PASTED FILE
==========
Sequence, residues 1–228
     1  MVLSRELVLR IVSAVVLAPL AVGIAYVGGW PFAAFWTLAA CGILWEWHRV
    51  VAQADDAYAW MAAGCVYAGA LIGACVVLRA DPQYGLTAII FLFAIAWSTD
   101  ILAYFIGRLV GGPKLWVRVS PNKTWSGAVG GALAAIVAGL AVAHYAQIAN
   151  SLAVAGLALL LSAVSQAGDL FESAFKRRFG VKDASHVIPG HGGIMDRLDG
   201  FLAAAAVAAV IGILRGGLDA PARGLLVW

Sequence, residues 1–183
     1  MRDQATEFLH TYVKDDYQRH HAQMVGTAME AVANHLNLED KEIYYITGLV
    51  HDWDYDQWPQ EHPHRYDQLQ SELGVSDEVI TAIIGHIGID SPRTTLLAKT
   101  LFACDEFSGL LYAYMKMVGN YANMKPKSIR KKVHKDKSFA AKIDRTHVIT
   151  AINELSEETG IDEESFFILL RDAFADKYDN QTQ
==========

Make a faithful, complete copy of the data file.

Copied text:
Sequence, residues 1–228
     1  MVLSRELVLR IVSAVVLAPL AVGIAYVGGW PFAAFWTLAA CGILWEWHRV
    51  VAQADDAYAW MAAGCVYAGA LIGACVVLRA DPQYGLTAII FLFAIAWSTD
   101  ILAYFIGRLV GGPKLWVRVS PNKTWSGAVG GALAAIVAGL AVAHYAQIAN
   151  SLAVAGLALL LSAVSQAGDL FESAFKRRFG VKDASHVIPG HGGIMDRLDG
   201  FLAAAAVAAV IGILRGGLDA PARGLLVW

Sequence, residues 1–183
     1  MRDQATEFLH TYVKDDYQRH HAQMVGTAME AVANHLNLED KEIYYITGLV
    51  HDWDYDQWPQ EHPHRYDQLQ SELGVSDEVI TAIIGHIGID SPRTTLLAKT
   101  LFACDEFSGL LYAYMKMVGN YANMKPKSIR KKVHKDKSFA AKIDRTHVIT
   151  AINELSEETG IDEESFFILL RDAFADKYDN QTQ